Jetson/Tutorials/Vision-controlled GPIO

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Turn an LED on/off based on whether a face is detected by a camera

This tutorial will explain how to detect a face using OpenCV, and how to turn an LED on/off based on whether the face is detected.

Testing your camera

  • Connect a USB webcam to the full-sized USB 3.0 port on Jetson TK1 (or into the micro-AB USB 2.0 port through a micro-B to female USB-A adapter).
  • If you haven't tried using your webcam on Jetson TK1, check if it works first such as by running this to show the camera preview in a graphical window:
sudo apt-get install luvcview

(If you can't see the camera stream, then try plugging your webcam into the micro-AB USB 2.0 port through a micro-B to female USB-A adapter, or looking at supported cameras on the Cameras reference page).

  • Not all working webcams seem to be supported by openCV, example programs stall with: Corrupt JPEG data: 4 extraneous bytes before marker 0xd9
  • Sony PS3 eyecam wfm

Detecting a face using OpenCV

  • If you haven't done so already, make sure you have installed the CUDA toolkit and the OpenCV development packages on your device, by following the CUDA tutorial and the OpenCV tutorial.
  • Make sure you have run all the examples mentioned in Testing openCV so that you know your installation & webcam are working fine before starting with this project.
  • Download the OpenCV samples (they come with the OpenCV source code). You can download this by visiting "" in a browser and clicking to download "OpenCV for Linux/Mac", or if you want to download this directly from the command-line then run this on the device:

(If you don't have the wget or unzip commands, then run "sudo apt-get install wget unzip" to download & install them).

  • Make your own "faceActivatedGPIO" folder for this project, eg:
mkdir ~/faceActivatedGPIO
cd ~/faceActivatedGPIO
  • Copy the "cascadeclassifier" face detection sample from OpenCV's GPU-accelerated samples folder and build it:
cp ~/opencv/samples/gpu/cascadeclassifier.cpp .
g++ cascadeclassifier.cpp -lopencv_core -lopencv_imgproc -lopencv_highgui -lopencv_calib3d -lopencv_contrib -lopencv_features2d -lopencv_flann -lopencv_gpu -lopencv_legacy -lopencv_ml -lopencv_objdetect -lopencv_photo -lopencv_stitching -lopencv_superres -lopencv_video -lopencv_videostab -o cascadeclassifier
  • Try running it with your attached webcam:
./cascadeclassifier --cascade ~/opencv-2.4.9/data/haarcascades/haarcascade_frontalface_alt.xml --camera 0

(Hit 'm' to search for just a single face instead of multiple faces, then hit Spacebar if you want to compare CPU vs GPU performance).

Testing GPIO on Jetson TK1

  • If you haven't done so already, follow the GPIO tutorial so that you can manually turn an LED on/off using root-permissions.
  • We want to control GPIO from our own code. Download Derek Molloy's SimpleGPIO library and get the 3 source files in the "gpio" folder. eg:
sudo apt-get install git
git clone git://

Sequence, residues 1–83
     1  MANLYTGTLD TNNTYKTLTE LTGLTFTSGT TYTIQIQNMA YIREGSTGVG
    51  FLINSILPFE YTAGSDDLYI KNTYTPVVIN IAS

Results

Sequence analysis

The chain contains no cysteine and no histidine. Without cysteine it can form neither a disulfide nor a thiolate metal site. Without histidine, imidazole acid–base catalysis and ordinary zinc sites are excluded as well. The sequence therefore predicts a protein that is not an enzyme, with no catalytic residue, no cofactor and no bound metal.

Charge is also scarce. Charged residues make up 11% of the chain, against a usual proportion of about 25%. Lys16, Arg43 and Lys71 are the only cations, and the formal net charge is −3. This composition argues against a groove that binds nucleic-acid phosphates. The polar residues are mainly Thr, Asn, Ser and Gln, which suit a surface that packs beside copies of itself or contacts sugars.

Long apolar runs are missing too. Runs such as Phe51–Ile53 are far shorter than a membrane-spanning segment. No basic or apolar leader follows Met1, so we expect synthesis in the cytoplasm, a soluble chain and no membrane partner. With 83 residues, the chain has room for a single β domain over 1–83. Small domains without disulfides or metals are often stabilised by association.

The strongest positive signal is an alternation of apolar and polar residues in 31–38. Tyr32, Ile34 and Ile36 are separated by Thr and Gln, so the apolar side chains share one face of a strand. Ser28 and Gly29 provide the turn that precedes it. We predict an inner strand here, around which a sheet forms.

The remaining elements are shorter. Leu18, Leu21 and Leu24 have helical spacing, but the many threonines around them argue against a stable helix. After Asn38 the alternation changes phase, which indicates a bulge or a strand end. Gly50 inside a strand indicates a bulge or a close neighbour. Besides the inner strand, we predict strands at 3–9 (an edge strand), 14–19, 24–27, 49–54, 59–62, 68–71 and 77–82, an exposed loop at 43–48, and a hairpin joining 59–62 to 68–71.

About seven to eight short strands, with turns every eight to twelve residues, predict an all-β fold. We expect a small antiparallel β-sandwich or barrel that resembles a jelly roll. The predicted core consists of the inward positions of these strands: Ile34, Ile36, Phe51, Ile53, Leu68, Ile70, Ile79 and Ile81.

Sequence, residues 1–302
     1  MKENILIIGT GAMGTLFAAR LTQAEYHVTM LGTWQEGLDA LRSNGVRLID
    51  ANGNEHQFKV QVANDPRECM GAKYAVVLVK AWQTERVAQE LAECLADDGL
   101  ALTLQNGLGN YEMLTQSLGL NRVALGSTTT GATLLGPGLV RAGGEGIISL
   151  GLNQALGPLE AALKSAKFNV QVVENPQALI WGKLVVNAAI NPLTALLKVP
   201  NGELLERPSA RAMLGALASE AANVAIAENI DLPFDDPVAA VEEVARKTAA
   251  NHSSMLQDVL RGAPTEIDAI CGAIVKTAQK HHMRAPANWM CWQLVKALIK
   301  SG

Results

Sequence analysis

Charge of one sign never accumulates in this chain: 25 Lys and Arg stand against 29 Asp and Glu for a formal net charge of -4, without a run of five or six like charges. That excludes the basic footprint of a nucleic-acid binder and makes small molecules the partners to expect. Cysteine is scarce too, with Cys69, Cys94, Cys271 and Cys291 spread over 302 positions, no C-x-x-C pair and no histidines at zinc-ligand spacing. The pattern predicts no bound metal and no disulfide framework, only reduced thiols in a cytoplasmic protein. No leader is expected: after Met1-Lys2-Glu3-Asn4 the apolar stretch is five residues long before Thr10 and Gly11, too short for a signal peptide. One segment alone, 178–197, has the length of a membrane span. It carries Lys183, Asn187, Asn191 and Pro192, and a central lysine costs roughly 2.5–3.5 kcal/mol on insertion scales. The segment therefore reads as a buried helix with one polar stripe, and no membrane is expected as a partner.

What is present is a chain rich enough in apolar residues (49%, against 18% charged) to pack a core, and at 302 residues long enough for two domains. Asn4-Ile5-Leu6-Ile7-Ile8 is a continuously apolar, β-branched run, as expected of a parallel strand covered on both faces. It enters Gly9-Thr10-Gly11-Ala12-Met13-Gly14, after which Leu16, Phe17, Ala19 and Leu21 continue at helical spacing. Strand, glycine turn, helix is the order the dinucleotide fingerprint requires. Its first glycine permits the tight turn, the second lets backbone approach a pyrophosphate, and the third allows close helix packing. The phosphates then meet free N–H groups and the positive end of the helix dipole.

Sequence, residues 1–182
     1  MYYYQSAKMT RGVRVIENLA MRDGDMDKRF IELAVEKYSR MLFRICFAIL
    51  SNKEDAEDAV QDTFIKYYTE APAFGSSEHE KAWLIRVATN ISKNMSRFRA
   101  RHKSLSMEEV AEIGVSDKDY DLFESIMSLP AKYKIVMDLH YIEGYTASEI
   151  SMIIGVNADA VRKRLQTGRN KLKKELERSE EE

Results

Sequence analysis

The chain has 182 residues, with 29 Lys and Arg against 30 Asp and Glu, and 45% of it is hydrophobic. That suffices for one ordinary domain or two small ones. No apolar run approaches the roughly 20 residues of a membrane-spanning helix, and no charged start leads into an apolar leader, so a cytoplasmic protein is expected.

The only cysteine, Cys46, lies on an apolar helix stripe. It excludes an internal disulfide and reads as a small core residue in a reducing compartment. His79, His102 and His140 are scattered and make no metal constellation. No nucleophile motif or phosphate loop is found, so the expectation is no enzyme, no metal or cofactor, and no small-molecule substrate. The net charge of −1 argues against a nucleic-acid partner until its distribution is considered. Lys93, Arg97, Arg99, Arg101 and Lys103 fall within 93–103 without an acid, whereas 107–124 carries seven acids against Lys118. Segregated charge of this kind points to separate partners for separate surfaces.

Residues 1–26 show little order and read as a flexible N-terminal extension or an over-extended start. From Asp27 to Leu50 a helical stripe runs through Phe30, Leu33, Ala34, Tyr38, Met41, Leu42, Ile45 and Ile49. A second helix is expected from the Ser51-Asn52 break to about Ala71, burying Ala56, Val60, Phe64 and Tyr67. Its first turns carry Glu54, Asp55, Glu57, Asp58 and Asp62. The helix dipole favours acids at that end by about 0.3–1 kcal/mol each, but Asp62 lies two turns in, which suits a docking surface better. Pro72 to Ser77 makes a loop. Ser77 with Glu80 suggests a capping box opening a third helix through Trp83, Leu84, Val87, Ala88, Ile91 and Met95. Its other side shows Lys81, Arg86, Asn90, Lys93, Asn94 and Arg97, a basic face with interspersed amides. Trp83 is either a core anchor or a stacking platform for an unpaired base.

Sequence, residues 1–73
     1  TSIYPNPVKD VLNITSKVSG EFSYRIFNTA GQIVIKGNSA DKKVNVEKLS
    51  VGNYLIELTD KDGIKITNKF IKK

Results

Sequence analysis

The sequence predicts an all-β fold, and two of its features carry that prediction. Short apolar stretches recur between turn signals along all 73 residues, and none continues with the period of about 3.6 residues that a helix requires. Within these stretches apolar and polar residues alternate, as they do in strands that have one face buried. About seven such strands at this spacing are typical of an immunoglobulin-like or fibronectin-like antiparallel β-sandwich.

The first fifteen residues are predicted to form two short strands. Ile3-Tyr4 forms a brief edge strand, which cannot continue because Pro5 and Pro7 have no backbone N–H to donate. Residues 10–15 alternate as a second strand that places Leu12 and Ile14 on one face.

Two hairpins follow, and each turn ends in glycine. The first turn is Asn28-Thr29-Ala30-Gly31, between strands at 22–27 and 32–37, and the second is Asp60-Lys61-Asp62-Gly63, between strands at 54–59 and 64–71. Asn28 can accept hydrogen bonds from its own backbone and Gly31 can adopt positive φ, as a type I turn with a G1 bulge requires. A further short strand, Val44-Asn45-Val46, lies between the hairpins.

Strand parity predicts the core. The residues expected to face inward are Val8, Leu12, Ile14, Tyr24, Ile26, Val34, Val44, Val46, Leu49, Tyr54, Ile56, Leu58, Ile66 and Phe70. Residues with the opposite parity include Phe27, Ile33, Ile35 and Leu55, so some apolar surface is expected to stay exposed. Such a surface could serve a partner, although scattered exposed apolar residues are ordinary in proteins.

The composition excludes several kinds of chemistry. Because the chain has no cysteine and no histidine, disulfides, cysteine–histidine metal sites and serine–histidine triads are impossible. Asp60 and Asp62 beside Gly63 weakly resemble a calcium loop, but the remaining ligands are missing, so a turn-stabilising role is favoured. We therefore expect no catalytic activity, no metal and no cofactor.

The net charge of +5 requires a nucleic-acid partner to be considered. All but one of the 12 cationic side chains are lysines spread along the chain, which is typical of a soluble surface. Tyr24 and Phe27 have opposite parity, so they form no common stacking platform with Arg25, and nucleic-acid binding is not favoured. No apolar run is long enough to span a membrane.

mkdir gpio
cp ../boneDeviceTree/gpio/*.cpp gpio/.
cp ../boneDeviceTree/gpio/*.h gpio/.
  • Let's build & run the sample TestApplication to make sure GPIO works. Remember that it must be run with root-permissions in order to access GPIO:
g++ gpio/TestApplication.cpp gpio/SimpleGPIO.cpp -I gpio -o testGPIO
sudo ./testGPIO
  • You should now be seeing your LED flash several times (or see the voltage going up & down on your multimeter).

Controlling the LED based on face detection results

  • Rename "cascadeclassifier.cpp" to "faceActivatedGPIO.cpp", eg:
mv cascadeclassifier.cpp faceActivatedGPIO.cpp
  • Now it is just a matter of combining the cascadeclassifier sample code with the SimpleGPIO library. Near the top of the "faceActivatedGPIO.cpp" file, add:
#include "SimpleGPIO.h"
  • Then near the bottom of the file after it says imshow("result", frameDisp); (line 277), add this code:
// Turn the LED on or off depending on whether a face was detected or not.
const int GPIO_LED = 57;  // GPIO_PH1 (Pin 50 on J3A1 of Jetson TK1 board)
gpio_export(GPIO_LED);    // Start using the LED pin
gpio_set_dir(GPIO_LED, OUTPUT_PIN);   // The LED is an output
if (detections_num > 0) {
    gpio_set_value(GPIO_LED, HIGH);   // Turn the LED on
else {
    gpio_set_value(GPIO_LED, LOW);    // Turn the LED off
gpio_unexport(GPIO_LED);  // Stop using the LED pin for now
  • Build the project. eg:
g++ faceActivatedGPIO.cpp gpio/SimpleGPIO.cpp -I gpio -o faceActivatedGPIO
  • And finally, run the project with root-permissions. eg:
sudo ./faceActivatedGPIO

You should now see your camera preview on your screen, and if your face is detected then your LED should be on, and if not then it should be off!

More ideas

You can improve this project in many ways, such as turning on an electro-mechanical relay that opens a door when a face is detected, instead of just flashing an LED. Or turn multiple LEDs on based on how many faces were detected or their size, by using multiple GPIO pins. And obviously, now that you know how to perform some vision-based GPIO, you could apply the same principles to activate GPIO when the full-body of a person is detected (using OpenCV's HOG sample as explained in the Full Body Detection tutorial) or when a car is detected (using the same HOG or CascadeClassifier code but with an XML file trained for car classification), or thousands of other potential computer vision or software based detections.

This tutorial is also the basis for the vision-controlled robot tutorials such as the SCOL walking robot tutorial.